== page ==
Posted on Sept. 28, 2020, 10:44 p.m. by crute • Last updated on Aug. 6, 2021, 11:33 a.m.
1 Running some sort of simulation on mesh or a part of a mesh, so its structure reacts to motion. This is usually done with a cloth or a softbody simulation. To reduce the time needed to calculate the simulation, it is oftentimes run not on the target mesh directly, but on a proxy mesh with lower resolution. The proxy mesh is "bound" to the target mesh, so the proxy movement can be transferred over to the target. This can be achieved with the Mesh Deform or Surface Deform Modifiers.
2 Using the Armature's bones to get secondary motion. This is usually achieved with the help of a plugin such as Wiggle Bones, Jiggle Bones, Spring Bones or SimBones and most recently BoneDynamics. All of them extend the Armature System by a property for jiggling that you can turn on or off that will enable physics on the part the bones controls.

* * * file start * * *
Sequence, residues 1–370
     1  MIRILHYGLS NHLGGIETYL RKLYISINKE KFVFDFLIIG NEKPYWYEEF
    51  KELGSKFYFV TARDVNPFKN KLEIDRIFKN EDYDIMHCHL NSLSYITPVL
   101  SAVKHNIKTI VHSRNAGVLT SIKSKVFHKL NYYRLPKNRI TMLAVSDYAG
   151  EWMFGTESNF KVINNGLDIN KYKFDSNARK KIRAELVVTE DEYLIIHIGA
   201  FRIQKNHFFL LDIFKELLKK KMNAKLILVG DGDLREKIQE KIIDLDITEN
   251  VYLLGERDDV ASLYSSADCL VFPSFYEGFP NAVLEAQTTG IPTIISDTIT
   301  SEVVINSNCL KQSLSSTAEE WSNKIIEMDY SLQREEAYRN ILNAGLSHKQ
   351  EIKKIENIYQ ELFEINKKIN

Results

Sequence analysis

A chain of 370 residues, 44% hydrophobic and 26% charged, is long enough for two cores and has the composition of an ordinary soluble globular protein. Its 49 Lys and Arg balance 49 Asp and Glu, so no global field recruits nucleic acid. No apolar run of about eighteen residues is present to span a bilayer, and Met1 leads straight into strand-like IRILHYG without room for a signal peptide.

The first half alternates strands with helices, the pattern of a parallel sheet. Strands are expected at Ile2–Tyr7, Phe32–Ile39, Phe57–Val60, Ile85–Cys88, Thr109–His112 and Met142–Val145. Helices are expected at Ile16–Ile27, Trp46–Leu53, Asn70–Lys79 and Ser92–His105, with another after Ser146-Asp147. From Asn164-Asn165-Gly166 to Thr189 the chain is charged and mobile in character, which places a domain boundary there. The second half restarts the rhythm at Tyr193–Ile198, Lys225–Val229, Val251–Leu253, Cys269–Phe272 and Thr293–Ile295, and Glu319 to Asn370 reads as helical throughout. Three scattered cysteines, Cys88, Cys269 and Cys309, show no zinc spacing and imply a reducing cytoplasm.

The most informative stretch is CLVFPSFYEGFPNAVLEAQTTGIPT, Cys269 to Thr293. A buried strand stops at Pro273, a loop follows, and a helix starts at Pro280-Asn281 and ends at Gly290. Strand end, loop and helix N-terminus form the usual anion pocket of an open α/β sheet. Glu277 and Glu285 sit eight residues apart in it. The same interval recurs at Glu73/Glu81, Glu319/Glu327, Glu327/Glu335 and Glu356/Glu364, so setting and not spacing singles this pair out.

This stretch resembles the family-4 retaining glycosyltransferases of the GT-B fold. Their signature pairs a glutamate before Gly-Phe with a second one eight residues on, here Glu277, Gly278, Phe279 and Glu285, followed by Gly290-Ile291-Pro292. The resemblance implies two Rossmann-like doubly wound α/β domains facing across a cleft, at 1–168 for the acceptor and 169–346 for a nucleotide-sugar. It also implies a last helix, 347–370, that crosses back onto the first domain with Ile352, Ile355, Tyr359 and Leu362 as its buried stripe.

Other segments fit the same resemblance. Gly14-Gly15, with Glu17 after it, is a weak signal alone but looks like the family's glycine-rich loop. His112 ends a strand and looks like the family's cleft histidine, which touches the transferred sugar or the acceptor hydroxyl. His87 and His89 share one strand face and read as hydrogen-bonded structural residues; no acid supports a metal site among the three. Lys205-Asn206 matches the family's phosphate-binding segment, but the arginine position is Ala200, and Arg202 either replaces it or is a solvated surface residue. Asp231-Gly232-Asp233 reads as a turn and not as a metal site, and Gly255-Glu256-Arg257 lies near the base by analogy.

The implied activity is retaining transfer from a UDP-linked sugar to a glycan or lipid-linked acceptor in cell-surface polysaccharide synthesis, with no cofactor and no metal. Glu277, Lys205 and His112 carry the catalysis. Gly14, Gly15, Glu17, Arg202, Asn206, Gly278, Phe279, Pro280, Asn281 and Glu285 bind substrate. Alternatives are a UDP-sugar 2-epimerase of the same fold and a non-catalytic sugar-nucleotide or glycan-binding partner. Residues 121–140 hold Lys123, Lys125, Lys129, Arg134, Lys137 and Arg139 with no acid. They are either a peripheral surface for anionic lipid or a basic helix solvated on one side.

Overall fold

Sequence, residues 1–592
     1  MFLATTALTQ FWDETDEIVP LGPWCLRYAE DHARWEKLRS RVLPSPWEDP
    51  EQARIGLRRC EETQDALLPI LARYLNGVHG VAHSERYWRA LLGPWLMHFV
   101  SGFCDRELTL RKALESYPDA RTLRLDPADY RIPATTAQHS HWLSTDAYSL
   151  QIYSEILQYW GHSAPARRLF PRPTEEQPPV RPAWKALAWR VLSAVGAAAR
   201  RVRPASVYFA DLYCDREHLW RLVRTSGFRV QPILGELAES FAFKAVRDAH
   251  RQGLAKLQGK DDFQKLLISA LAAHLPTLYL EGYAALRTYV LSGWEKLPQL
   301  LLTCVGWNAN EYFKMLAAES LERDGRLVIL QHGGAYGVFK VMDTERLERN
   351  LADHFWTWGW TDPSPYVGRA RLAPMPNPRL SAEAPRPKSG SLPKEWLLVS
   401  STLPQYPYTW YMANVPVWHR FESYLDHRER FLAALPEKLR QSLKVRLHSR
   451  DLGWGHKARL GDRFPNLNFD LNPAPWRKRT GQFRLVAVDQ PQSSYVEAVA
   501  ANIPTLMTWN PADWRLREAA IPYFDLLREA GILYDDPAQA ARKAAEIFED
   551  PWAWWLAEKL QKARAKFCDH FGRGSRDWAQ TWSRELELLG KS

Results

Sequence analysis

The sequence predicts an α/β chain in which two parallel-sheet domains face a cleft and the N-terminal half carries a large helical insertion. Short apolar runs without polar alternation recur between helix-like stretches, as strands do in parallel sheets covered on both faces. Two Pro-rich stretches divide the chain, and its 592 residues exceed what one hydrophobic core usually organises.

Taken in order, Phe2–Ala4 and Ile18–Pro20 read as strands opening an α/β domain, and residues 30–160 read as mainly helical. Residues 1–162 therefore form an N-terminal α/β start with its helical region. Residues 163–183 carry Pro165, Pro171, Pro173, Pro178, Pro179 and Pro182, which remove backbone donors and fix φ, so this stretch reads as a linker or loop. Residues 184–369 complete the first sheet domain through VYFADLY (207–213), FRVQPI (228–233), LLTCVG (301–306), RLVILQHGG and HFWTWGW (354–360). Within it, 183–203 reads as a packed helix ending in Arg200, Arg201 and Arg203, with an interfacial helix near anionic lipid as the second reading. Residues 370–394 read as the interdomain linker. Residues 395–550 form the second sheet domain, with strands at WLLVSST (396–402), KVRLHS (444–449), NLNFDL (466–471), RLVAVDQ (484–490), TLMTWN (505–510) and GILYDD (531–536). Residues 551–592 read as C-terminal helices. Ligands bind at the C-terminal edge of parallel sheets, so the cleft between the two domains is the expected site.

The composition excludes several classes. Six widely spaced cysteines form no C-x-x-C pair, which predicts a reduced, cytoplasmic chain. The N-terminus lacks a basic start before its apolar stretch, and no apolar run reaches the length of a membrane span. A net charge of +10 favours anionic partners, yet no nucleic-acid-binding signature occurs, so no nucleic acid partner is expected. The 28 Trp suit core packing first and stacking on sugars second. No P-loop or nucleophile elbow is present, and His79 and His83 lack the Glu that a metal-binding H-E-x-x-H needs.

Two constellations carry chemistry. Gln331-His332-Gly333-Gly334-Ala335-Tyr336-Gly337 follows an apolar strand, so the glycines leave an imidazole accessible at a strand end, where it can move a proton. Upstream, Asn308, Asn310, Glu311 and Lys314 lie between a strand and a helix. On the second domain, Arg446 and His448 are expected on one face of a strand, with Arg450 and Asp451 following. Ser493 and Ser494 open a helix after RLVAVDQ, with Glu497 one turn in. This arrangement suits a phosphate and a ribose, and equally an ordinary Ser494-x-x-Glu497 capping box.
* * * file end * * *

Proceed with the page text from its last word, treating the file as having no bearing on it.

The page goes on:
3 Animating Jiggle by hand. It requires the most work, but it is also the most precise and customisable way of achieving the desired results. This can be done by simply animating the bones, usually by offsetting part of an animation to occur later or by sculpting custom shapekeys that have the desired deformation and then activating them at the proper time.
There is an add-on for the setup, it gets quite involved without that. Currently needs an older build of 2.8. Pre RC1 https://github.com/dskjal/Rigidbody-Bone